So there I was listening to one of the docs who
attended the White House photo-op to show their support for the President’s
health care reform efforts. Full
disclosure - I wasn’t invited. I
was half paying attention to the radio until I heard her proclaim proudly that
the plan put forth was “uniquely American”.
Sure, we have a system right now that’s unique. It’s uniquely bad. It’s uniquely expensive. It’s uniquely exclusionary. When did any of those things become
admirable? When did we decide to
brag about them? Why are we so
eager to be different?
Look, I understand what the President is trying to do. He’s afraid that someone will look at
what he’s trying to accomplish and scream, “Socialism!” Or even worse, “Foreigner!” But this approach baffles me. Are we so isolated and xenophobic at this point that we are
unwilling to accept any ideas at all unless they originated within the confines
of the United States?
I ask because setting up a better health care system is
something that nearly every other comparable country has figured out. Not always in the same
way, and not always with the same amount of government involvement, but they are all cheaper
than ours, they are all universal,
and they are all similar if not better in
Think about that as you watch Congress and the President
crow over the passing of the Senate
Finance Committee bill next week.
I grant you that getting a health care reform bill like this bill out of
committee is a first in American politics. I just don’t think it’s necessarily something to brag about.
I know reading the CBO report on the
bill isn’t everyone’s idea of a good time, but it’s sometimes the only way to
get unvarnished information. And
here are the facts. The bill is
estimated to cost $829 billion over 10 years. It is deficit reducing, but we only get that through new
taxes and some Medicare Advantage cuts.
Don’t get me wrong.
I believe those Medicare Advantage cuts are
warranted. I also don’t mind
paying taxes for worthwhile things.
But we should be honest and admit that we are increasing our spending on health care, not decreasing it.
What do we get for that money? Not
nearly as much as you think. About 14 million more people will be on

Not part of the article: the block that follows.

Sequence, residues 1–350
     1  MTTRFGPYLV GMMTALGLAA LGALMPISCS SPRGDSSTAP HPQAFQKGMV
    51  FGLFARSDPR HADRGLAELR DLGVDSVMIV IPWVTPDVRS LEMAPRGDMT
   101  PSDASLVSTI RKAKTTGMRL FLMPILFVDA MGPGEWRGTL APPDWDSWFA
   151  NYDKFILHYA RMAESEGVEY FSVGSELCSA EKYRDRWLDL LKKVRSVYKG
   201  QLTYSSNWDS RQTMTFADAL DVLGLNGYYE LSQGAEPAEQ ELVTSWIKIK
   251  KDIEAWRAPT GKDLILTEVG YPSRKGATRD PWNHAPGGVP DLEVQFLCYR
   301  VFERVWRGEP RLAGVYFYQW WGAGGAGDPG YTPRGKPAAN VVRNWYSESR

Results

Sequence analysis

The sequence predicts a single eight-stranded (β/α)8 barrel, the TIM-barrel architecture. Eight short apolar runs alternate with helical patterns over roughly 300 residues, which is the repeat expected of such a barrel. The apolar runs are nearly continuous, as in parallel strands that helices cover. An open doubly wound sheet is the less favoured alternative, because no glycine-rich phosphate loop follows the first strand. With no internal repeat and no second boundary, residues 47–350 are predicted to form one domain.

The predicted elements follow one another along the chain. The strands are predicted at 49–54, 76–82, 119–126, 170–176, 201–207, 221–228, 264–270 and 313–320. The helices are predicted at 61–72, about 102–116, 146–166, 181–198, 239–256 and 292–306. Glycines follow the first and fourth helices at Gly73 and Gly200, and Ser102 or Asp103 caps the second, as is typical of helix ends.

Medicaid or CHIP in 10 years. Another
23 million people will be in the insurance exchange. A few million people will leave private health insurance.
No. We will reduce the
number of uninsured Americans by 29 million people. This means that ten years after this massive bill goes into
effect, after we’ve spent an additional $800 billion on health care, there will
still be 25 million people under the age of 65 who have no health insurance in
the United States of America.
This is the best we can do? After all this fighting, after all the horse-trading and
passion and screaming and crying, this is really what $800 billion buys? Quality will barely move. We’ve done nothing to contain
costs. And we will still have 6% of the
nation without insurance.
You know what?
I don’t want a “uniquely American” solution. Give me almost any of the solutions in Europe. I’d even take some of the health care
systems in Asia. Happily. Do you have any idea what those systems
could achieve with this kind of increased funding? We can’t even achieve universal coverage; we can’t even get
I’m thrilled we are strengthening the safety nets. I’m glad we are making sure people with
pre-existing conditions will get care.
I’m not against subsidies, I’m not against insurance company regulation,
and I’m definitely not against reducing the number of people who lack
insurance. This plan is certainly
unique, and I guess American. So,
Don’t get me wrong.
I wouldn’t vote against this bill because it’s not perfect. But please, don’t ask me to cheer for
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